Official newspaper of The University of Texas at Austin

The Daily Texan

Official newspaper of The University of Texas at Austin

The Daily Texan

Official newspaper of The University of Texas at Austin

The Daily Texan

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October 4, 2022

Professor’s new residency promises growth in New York, Austin art worlds

Courtesy of Jennifer Irving

Art history professor C. Ondine Chavoya was enjoying a walk through the Blanton Museum of Art one day when he received a call from a New York number. When he returned the missed call from what turned out to be the Museum of Modern Art, Chavoya learned he had been selected as one of their next Scholars in Residence. Having interned at MoMA in his college years before and unaware of his nomination to return as a now accomplished professor and curator, Chavoya felt gleefully surprised by the offer.

Only in its second year, the Ford Foundation’s Scholars in Residence program at MoMA awards three accomplished members of the art history field a year to research artwork from their massive collection while receiving a stipend. Their independent research then impacts how and what work the museum showcases in the future. 

“I thought my New York chapter had closed and I’m so excited to have it reopened in this context,” Chavoya said. “I’ll be able to take the things that I’ve gained here and bring them back to Austin and to UT.”

Although Chavoya said he didn’t know who nominated him for the program, many of his colleagues admire his work. Cherise Smith, a fellow art history professor, first met Chavoya a couple of years ago as residential fellows at the Getty Research Institute but said she knew of Chavoya’s work long before.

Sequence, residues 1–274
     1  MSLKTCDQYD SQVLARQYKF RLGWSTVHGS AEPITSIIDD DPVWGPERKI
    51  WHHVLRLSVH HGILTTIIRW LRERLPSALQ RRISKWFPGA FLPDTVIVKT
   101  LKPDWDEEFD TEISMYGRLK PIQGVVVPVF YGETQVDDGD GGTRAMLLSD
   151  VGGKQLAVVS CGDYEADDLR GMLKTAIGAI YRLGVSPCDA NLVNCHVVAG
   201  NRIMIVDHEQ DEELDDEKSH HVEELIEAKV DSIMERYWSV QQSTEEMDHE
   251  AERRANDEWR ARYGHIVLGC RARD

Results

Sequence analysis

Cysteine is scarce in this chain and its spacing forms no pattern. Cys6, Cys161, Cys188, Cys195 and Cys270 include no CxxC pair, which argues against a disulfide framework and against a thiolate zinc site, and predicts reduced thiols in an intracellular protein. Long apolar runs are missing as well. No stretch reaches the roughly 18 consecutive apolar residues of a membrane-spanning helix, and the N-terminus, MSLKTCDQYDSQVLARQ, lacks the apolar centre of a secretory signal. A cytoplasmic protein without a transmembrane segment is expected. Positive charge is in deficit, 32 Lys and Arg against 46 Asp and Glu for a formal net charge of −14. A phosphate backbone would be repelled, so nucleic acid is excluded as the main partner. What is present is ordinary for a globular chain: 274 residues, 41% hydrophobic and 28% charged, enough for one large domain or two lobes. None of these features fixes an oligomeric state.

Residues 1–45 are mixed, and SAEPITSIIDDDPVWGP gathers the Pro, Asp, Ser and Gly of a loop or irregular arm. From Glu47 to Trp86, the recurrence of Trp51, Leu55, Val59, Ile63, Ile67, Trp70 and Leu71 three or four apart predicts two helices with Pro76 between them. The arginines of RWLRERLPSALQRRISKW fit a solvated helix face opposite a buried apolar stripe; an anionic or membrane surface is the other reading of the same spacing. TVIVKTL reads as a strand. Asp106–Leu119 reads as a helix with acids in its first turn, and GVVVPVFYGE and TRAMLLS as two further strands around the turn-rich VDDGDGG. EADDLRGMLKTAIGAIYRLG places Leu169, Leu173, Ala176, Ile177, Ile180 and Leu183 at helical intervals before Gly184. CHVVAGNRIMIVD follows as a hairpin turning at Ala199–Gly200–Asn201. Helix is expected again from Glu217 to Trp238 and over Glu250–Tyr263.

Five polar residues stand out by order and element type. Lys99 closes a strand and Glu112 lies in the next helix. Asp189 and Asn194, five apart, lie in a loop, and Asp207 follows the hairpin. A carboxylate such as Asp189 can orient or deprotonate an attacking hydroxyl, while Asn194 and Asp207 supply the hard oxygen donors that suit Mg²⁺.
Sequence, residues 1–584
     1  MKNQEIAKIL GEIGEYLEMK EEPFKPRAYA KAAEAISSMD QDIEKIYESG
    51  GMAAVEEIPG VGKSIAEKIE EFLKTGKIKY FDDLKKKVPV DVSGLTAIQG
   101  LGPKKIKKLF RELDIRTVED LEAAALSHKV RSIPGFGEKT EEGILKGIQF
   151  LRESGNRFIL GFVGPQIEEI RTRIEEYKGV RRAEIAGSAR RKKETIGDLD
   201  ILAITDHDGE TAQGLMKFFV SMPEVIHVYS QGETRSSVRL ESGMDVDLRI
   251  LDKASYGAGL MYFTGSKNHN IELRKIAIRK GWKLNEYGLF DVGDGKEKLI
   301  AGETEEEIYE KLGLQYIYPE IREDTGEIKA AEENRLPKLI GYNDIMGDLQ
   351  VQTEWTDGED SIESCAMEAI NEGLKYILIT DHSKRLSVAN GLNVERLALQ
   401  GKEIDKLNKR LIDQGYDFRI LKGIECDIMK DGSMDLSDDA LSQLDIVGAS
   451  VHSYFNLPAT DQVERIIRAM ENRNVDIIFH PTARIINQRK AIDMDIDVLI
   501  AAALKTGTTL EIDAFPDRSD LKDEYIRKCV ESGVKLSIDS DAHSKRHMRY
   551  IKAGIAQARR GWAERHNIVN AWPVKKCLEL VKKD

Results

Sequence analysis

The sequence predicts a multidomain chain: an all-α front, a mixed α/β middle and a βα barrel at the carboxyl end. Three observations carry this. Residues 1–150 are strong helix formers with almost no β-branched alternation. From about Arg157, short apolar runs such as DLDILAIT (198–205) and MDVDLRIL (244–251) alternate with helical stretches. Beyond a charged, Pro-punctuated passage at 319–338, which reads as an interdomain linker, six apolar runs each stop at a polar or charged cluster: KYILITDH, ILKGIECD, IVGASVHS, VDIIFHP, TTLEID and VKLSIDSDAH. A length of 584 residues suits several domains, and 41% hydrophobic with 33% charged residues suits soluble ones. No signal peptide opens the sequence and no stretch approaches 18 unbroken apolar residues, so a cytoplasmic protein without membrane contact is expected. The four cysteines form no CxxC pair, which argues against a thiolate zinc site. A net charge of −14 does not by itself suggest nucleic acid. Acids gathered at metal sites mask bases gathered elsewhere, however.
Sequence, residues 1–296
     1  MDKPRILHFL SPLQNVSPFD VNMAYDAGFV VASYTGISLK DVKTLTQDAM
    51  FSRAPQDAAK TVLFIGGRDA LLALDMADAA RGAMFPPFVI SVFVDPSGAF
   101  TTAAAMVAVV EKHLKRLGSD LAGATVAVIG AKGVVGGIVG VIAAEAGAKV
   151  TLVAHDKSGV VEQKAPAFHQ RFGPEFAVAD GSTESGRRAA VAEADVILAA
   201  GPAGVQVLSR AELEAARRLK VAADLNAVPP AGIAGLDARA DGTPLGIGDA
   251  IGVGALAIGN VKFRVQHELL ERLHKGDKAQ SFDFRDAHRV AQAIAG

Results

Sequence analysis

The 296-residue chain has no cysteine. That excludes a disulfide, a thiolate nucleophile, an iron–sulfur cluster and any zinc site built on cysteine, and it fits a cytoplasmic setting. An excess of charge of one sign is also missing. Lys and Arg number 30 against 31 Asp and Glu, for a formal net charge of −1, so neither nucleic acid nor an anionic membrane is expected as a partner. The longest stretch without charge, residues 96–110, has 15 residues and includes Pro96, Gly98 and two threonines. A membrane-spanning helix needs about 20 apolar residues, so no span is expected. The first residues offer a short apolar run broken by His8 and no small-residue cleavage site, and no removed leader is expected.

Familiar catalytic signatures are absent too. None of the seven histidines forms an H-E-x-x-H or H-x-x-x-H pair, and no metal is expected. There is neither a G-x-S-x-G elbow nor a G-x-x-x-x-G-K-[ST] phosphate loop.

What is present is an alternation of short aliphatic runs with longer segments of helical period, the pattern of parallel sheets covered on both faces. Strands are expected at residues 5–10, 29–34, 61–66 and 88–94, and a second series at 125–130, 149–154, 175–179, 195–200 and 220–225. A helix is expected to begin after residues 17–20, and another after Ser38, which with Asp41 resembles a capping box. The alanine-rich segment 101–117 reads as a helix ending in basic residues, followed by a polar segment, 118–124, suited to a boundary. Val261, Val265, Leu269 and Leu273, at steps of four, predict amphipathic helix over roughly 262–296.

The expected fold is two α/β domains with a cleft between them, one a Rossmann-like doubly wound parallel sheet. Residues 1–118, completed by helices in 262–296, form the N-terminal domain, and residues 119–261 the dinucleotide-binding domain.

“When he took a job at The University of Texas, I was really happy to be able to work more closely with him,” Smith said. “(Chavoya) is a curious, interested and engaged person who I find to be really willing to share information.” 

Similarly, Ramón Rivera-Servera, dean and professor of the College of Fine Arts, said he followed and admired Chavoya’s work before he came across Chavoya as a new faculty prospect. 

“He has this expanded sensibility about what visual culture is,” Rivera-Servera said. “He is an incredibly generous curator and pedagogue and critic because he interprets with an eye towards translation and access for broader audiences.”

Now, with this residency opportunity, Chavoya will offer even more as a curator in Austin and as a professor at UT. Rivera-Servera said upon Chavoya’s return to the university next fall, his students will receive more in-depth art history education because Chavoya can introduce objects to students from his own intimate experience with the artifacts rather than solely based on what’s previously been published.

While Chavoya will be bringing a lot back from the program, he is bringing just as much with him to MoMA since he interned there. Spending his career largely focusing on Chicanx and Latinx art, Chavoya noticed a major lack of representation while studying at the University of Rochester which inspired the rest of his career. 

“I remember going back to the library and putting in a keyword search for Chicano art, and only one book came up,” Chavoya said. “What I was learning was that this area had been completely neglected … and recognition of that neglect really compelled me to say this is what I’m going to focus on.” 

Chavoya will spend the 2023-24 school year in New York City. Early into the program, Chavoya looks forward to using his background in Chicanx and Latinx art to make the most of his time.  

“The exchange between research, teaching and curatorial practice is going to make this time so impactful,” Chavoya said. “I also expect to learn a tremendous amount.”

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